Two activities I would suggest-if possible-are martial arts and acting lessons; especially from a teacher who holds to the “method acting” technique where one is taught to “become” the character one is playing. By doing such, the child might learn to recognize different character types and thus might also learn to better realize his or her own nature and how others see him or her.

Martial arts lessons, such as karate classes, are excellent vehicles to improve a child’s concentration and self-confidence, as well as his or her physical stamina. It also has obvious side benefits when it comes to dealing with bullies, especially for boys.

Suggesting acting lessons might seem somewhat less practical due to financial or logistical considerations. But if at all possible, I believe they would be extremely beneficial in teaching a child social skills and poise. As I said, the method acting technique in particular, teaching an acting student to “become” his or her character while playing the part, will help the child develop an excellent intuitive and empirical perspective regarding the different natures people have and will help him or her learn more about the child’s own. Such an insight is invaluable. By learning to act the part of another-perhaps a character with far more self-confidence than the child exhibits by nature-he or she might learn to try to incorporate within himself or herself such positive traits. By practice and repetition, such a transition might become virtually “second nature” to the youngster.

The mere fact of performing before others will do wonders for a child’s self-confidence, poise and self-esteem. I know of at least one professional actor afflicted with Tourette’s Syndrome. He has appeared on primetime network television programs; thus, yet another possible side-benefit. Your youngster might one day become very successful as an actor and repay the costs of such lessons many times over!

The major point to bear in mind is that such youngsters must learn to control their minds and bodies rather than allowing them to control and define them. As it is oft said, knowledge is power. By learning on an intellectual level to understand their inherent natures, children can be forewarned and thus forearmed and will be better able to face life on successful terms. As stated within my story, breathing exercises and a daily period of silent meditation, gradually increasing the time, will be extremely beneficial.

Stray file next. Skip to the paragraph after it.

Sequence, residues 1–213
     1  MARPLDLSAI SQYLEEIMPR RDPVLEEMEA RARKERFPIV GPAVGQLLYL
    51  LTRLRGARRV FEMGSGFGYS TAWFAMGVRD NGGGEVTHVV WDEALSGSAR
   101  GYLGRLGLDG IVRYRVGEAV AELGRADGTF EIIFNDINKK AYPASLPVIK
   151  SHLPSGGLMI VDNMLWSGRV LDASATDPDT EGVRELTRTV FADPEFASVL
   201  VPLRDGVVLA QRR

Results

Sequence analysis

If I could choose one passage from my story that I consider the most important, it would be: “He told the boy that he simply had to learn to be patient and do things in their proper place and time and to do so with care. He explained that the youth had to learn to have confidence in the future and to stop acting like now was the only time he would ever have to play or do something else he enjoyed.”

In the case of all people who suffer from what I consider to be “acute self-awareness,” which is often accompanied by acute anxiety, there is always an underlying, often subconscious and unspoken fear that tomorrow will indeed never come. Thus, the present moment takes on undue importance in the case of such youngsters. Teaching a child to learn to cultivate the virtue of patience is paramount to the child’s chances of success throughout life. A parent must insist on this and not give in to the child’s demands for immediate gratification when such is not appropriate. One will not benefit his or her child if a parent folds.

Once again, appeal to the child’s intellect and explain your reasoning. Listen to the child’s almost certain rebuttals with patience yourself, but stand firm in your reasoning with him or her.

A parent must resist the temptation to baby such kids. A parent must use his or her wisdom of years to gently, but firmly guide a youngster into the path of right direction and insist that he or she sticks with these activities or others that might prove beneficial to the child’s entire life.

As Gary Moore, the late television personality, once put it: “Deep in his heart, no child wants a forty-year old friend.”



Source by Donald Schneider